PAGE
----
Here comes spring!
The commencement of the gardening season heralds in the influx of insects: beneficial and, unfortunately, of the “pest” nature. What are some ways we can increase the number of beneficial insects while reducing damage from unwanted pests? That’s a question gardeners have been exploring since the advent of vegetable cultivation.
Why Natural Pest Control?
While there are an incredible number of options out there for the more organic-minded gardener: natural insecticides include biological, botanical, oil, soap, and mineral applications, this may not be the preferred avenue for all of them because even organic applications can negatively affect the beneficial insect population. Companion planting is one way to take your pest control plan to the next level. “Set the table” for all those wonderful, predaceous insects by interspersing your vegetable garden with herbs.
Threefold Benefit of Growing Herbs
Complementing your vegetable garden with herbs brings a threefold benefit: you attract beneficial insects for pollination and predation, some of the more pungent herbs will naturally keep pests away, and you can eat and cook with the herbs you grow! So what herbs should you incorporate? Well, your specific pest problem will really depend on what vegetables you have growing in your garden but let’s cover a couple of the more common pests most gardeners have dealt with: aphids & cutworms.
In the gardening world, it’s almost common knowledge that the ladybug is the number one predator of aphids: they can munch up to 50 aphids a day! Ladybugs are actually available to purchase from many nurseries for release into your garden. Unfortunately a big problem is that most of the time they refuse to stay where you put them. So cultivating chamomile would be a way to attract those spotted beauties to your garden. In addition, you are growing the ingredients to make a delicious and relaxing herbal tea.
Lucky for you, there are other helpful insect options who enjoy the tasty treat of a juvenile aphid. The Green Lacewing, Hoverfly, and the small but powerful Ichneumonid wasp are a few of the natural predators of aphids, and caraway is common kitchen herb that attracts all three of these insects.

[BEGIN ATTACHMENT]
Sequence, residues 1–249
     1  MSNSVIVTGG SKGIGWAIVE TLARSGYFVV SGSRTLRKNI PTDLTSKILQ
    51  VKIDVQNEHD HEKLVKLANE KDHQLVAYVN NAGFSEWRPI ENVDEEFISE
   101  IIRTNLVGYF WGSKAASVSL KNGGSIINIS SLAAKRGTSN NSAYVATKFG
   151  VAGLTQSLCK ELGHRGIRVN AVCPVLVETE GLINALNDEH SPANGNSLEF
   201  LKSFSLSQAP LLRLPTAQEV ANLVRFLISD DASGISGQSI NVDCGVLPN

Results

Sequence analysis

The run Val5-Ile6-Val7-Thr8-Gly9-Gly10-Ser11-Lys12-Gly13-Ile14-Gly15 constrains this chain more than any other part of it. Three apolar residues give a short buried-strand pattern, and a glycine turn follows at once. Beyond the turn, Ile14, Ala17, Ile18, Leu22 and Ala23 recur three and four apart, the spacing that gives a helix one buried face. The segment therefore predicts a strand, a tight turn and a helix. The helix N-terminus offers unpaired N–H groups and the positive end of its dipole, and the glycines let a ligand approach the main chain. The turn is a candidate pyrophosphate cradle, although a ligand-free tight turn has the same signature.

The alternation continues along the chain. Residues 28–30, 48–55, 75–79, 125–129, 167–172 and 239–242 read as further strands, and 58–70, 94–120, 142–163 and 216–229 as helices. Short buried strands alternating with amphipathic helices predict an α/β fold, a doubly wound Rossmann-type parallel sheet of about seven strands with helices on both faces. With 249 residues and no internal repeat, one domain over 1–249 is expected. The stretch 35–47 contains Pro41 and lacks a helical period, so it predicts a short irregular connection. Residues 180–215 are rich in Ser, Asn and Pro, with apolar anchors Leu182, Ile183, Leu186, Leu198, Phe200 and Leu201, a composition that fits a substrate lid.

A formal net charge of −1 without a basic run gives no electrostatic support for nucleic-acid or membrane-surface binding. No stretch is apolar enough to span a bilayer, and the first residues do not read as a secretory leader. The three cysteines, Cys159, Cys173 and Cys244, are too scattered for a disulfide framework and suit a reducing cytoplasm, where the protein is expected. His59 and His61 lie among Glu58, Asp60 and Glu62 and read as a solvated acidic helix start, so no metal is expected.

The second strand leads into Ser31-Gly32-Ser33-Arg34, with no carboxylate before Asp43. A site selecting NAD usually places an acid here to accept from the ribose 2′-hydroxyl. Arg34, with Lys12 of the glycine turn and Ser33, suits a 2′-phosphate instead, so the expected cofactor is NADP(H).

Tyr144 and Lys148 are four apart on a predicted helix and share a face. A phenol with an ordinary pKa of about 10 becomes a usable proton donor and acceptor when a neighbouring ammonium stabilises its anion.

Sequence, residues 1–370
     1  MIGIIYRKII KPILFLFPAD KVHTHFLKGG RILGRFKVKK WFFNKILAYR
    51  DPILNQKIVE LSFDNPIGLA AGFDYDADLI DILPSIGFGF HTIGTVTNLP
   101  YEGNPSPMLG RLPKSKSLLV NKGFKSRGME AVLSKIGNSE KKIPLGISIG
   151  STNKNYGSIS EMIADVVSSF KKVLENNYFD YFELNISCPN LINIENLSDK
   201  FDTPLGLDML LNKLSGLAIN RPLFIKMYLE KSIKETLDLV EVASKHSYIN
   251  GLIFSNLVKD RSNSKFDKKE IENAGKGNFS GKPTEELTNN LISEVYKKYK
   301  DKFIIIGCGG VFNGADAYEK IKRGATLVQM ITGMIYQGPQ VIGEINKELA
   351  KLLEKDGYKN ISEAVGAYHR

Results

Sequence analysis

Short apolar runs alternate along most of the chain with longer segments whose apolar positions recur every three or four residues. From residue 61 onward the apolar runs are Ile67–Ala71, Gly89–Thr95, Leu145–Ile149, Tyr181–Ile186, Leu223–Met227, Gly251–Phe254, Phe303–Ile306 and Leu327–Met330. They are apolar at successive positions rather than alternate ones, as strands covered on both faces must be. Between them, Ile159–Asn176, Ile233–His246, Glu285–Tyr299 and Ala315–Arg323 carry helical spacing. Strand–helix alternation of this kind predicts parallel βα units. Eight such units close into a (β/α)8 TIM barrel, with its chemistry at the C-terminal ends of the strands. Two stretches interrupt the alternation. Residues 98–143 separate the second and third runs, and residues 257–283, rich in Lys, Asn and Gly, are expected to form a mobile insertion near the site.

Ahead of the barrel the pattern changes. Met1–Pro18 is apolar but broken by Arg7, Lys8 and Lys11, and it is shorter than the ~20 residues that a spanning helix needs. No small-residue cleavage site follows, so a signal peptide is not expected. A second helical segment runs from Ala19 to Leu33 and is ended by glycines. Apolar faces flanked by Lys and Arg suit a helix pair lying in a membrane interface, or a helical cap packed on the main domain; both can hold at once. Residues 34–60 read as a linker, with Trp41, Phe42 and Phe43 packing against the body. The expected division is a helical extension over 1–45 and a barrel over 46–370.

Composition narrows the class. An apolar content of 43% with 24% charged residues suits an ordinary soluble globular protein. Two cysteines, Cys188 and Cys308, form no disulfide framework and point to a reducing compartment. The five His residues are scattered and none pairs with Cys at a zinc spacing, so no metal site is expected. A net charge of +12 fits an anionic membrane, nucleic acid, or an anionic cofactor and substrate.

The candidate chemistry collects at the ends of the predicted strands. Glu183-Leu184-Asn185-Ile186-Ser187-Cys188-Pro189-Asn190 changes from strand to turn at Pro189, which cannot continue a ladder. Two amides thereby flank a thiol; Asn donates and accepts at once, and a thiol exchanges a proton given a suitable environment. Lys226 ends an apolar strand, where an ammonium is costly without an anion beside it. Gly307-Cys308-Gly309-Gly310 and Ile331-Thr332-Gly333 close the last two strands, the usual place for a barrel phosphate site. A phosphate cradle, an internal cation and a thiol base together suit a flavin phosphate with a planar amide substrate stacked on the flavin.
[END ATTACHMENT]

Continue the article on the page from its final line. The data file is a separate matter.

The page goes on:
Bonus: at the end of the growing season you’ll be ready to pickle your carrots or cucumbers using your homegrown herb.
A gardener usually discovers the presence of cutworms upon the morning inspection of the garden. Active at night and “hiding in plant debris waiting for the evening’s banquet,” they have been known to quickly destroy young plants. These pests can be difficult to control even with pesticides, so attracting predators can be quite advantageous.
The Tachinid fly and parasitoid wasps are a great ally in the battle against cutworms in your vegetable garden, you can turn to coriander or dill in this case. The bonus with dill is that it not only attracts predaceous insects, but because of its pungent smell, it can act as a deterrent for a variety of pests.
Aromatic Herbs Ward Off Pests
Which leads me to my last suggestion – plant highly aromatic herbs to “confuse” the pests and keep them away from your cherished vegetables. Herbs like dill, garlic, basil, lavender, and sage will add interest to your garden and provide that aroma to keep those pests at bay. Mint is another great aromatic and a delicious addition to your herbal selection, however, it grows prolifically; you may want to keep it in a container so it doesn’t overrun your garden beds. Get creative and go integrate some herbs into your vegetable garden plan this year to help decrease your pest problem, improve pollination, and add interest to your culinary adventures.
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